“Leave No Trace” leaves its traces everywhere: in your mind, in your heart, in your soul.
Fiercely involving in a way we’re not used to, made with sensitivity and honesty by director/co-writer Debra Granik, it tells its emotional story of a father and daughter living dangerously off the grid in a way that is unnerving and uncompromising yet completely satisfying.
In this it resembles Granik’s last dramatic feature, the Oscar-nominated Sundance hit “Winter’s Bone,” a tense quest drama co-written, as this one is, by Anne Rosellini.
Just as that film launched Jennifer Lawrence’s career, “Leave No Trace” depends on spectacular acting, in this case by the exceptional Ben Foster, who leaves his mark on every film he does, and an incandescent 17-year-old Thomasin Harcourt McKenzie, a quiet knockout from New Zealand.
Though no one is aware of it, the film’s opening scenes that introduce father and daughter are an apogree of happiness for Will (Foster), an Army veteran, and his teenage offspring Tom (McKenzie).
The setting is Forest Park, a 5,000-plus-acre urban woodland just outside of Portland, Ore. Sheltered by enormous trees, unseen by other humans, Will and Tom are presented in perfect harmony with each other and the woods as they go about a remarkable variety of tasks, from picking herbs to gathering moss for a fire to patching the tarp that keeps them dry.
Not initially in any kind of hurry, “Leave No Trace” spends enough time with these two, as compatible as they are self-sufficient, to see that they are everything to each other. Totally rejecting the term homeless, they understandably consider the forest, and each other, to be their home.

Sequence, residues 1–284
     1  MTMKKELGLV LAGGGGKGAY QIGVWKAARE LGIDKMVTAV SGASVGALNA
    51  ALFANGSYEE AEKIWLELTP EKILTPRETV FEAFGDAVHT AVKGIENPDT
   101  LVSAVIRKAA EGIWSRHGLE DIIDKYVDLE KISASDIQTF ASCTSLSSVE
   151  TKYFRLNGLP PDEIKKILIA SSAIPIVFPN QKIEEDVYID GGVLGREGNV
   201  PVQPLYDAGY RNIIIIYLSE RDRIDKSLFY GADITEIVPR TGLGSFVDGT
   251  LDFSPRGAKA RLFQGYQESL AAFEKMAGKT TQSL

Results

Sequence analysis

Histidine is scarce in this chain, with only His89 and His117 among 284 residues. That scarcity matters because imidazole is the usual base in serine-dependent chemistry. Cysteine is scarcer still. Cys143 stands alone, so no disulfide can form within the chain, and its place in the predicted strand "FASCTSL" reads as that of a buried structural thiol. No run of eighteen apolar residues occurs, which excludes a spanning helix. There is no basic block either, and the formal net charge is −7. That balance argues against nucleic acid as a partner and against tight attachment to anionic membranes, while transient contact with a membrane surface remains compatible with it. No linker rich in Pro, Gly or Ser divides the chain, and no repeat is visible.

From time to time Will and Tom do walk across St. John’s Bridge into Portland proper, where Will collects medications from a veterans hospital that he sells to get money for supermarket trips for essentials like propane.
“Want or need,” Will asks when Tom holds up a possible purchase, a choice that almost defines their existence. All these two really want in the entire world is to be left alone, but it is in the nature of that world to impinge on outsiders like them.
Despite their best efforts, Will and Tom are discovered by chance, which puts them in the hands of well-meaning social services personnel whose attempts to normalize the situation fill these two, and us, with dread.
The situation is complicated by the fact that though Will and Tom are devoted to each other, they are very different people, something the actors impeccably convey.
As a teenager full of curiosity for the world, Tom is more open than she expects to be to experiencing new things, to give new plans and places a chance.
Preternaturally poised with a pre-Raphaelite presence joined to palpable strength, actress McKenzie conveys all this quiet assurance with a minimum of fuss.
Her father, however, is a different story, and how much he can be normalized is more of an open question.
We never learn the exact nature of Will’s condition or his background. As Foster explains, “we did not overly articulate what Will is struggling with; his scars are internal.”
But he is unmistakably a veteran with PTSD, someone whose uneasiness gets more pronounced the more he has to deal with society’s conventional expectations.
Foster, memorable in a string of roles including “3:10 to Yuma,” “Lone Survivor,” “The Messenger” and “Hostiles,” is an actor who always brings a sense of edgy uncertainty and menace with him, and he makes strong use of it here.
Though “Leave No Trace” is based on Peter Rock’s novel “My Abandonment,” which in turn was inspired by a true story, Granik and Rosellini, who worked on the script for four years, have made shrewd revisions to the second half which enhance the story’s draw without falling into obvious narrative traps.
Because father and daughter deserve better than what society is able to provide — because the dangers to them individually and as a family are so real — we have our hearts in our mouths as we watch their journey play out.
When Tom worries at a certain point that “everything is different now,” her father reassures her by saying “we can still think our own thoughts.” Whether or not that will be enough is just one of the threads this exceptional film follows to the end.
‘Leave No Trace’
Rating: PG for thematic material throughout
Running time: 1 hour, 49 minutes
Playing: ArcLight, Hollywood, Landmark, West Los Angeles